Working with counsel
Produced in partnership with Ursula Rice of Family First Solicitors Ltd
Working with counsel

The following Family practice note Produced in partnership with Ursula Rice of Family First Solicitors Ltd provides comprehensive and up to date legal information covering:

  • Working with counsel
  • Choosing counsel and reasons to instruct
  • Conferences
  • Hearings
  • Preparing the instructions or brief
  • Fees
  • Standard contractual terms
  • Direct access assistance with PAYG
  • When things go wrong
  • Relationship

Instructing counsel to advocate on a client’s behalf should be a matter of careful thought and preparation. The role of counsel is to provide independent objective advice and to deploy the skill of advocacy on behalf of the client. Although they are part of a team, they also serve as a boost to the initially instructed solicitors advice. This Practice Note sets out how counsel can be instructed so that the client receives the maximum benefit.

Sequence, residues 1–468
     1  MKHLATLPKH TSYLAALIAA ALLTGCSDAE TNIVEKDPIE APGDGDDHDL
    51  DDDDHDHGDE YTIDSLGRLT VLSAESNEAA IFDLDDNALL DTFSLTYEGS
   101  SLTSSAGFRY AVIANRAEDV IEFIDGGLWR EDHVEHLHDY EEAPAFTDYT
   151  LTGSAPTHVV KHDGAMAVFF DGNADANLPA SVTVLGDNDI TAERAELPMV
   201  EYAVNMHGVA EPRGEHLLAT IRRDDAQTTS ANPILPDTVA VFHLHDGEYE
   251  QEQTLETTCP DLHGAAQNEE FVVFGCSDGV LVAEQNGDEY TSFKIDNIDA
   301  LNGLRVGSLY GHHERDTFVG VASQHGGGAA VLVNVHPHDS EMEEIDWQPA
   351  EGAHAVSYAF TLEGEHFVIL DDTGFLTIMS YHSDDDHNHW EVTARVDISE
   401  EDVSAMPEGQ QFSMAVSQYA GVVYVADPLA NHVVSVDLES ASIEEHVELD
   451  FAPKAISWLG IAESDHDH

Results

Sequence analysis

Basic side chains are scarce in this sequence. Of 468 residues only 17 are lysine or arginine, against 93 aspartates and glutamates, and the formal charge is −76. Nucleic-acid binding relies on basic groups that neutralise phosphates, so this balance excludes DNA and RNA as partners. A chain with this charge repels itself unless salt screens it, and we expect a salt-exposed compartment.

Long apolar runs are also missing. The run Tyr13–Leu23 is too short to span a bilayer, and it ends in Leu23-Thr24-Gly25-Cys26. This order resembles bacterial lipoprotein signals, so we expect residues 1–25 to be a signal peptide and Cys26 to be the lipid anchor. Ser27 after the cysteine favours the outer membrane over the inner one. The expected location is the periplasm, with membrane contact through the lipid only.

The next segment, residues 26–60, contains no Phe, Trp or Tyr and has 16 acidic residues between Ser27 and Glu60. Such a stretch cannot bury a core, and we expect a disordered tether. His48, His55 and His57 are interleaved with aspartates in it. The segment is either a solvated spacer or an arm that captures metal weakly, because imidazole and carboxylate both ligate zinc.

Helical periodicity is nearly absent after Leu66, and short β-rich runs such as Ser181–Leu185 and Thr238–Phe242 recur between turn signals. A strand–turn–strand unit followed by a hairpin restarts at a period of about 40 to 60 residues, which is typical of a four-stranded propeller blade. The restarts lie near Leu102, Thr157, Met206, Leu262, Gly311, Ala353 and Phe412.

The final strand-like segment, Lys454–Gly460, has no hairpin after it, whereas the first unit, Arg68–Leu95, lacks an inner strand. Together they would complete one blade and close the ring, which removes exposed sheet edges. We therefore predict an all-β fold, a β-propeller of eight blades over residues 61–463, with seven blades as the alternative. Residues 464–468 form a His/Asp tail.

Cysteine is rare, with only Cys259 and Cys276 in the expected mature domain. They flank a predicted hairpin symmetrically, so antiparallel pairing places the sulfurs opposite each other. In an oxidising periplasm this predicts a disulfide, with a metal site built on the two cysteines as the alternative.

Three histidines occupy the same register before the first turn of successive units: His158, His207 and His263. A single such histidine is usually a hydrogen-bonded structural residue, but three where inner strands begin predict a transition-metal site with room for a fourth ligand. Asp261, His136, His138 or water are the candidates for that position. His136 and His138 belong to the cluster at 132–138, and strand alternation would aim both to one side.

Choosing counsel and reasons to instruct

A list of approved counsel should be maintained and regularly updated. In family matters, what might be termed a good 'bedside manner' is important. Clients often feel immensely vulnerable and the involvement of a brilliant but brusque professional may not suit the client at all.

Consideration may need to be given to instructing leading counsel and in some cases leading counsel will happily take a case without the expense of junior counsel assisting them.

The earlier in a case counsel is instructed, the more benefit will be obtained from their advice. There are different reasons for instructing counsel, ie:

  1. it is clear from the outset that the advocacy cannot be conducted by the instructing solicitor due to current or anticipated commitments—the early instruction of counsel will ensure that the advocacy is covered without any last minute drama and early re-booking for the next hearing will ensure

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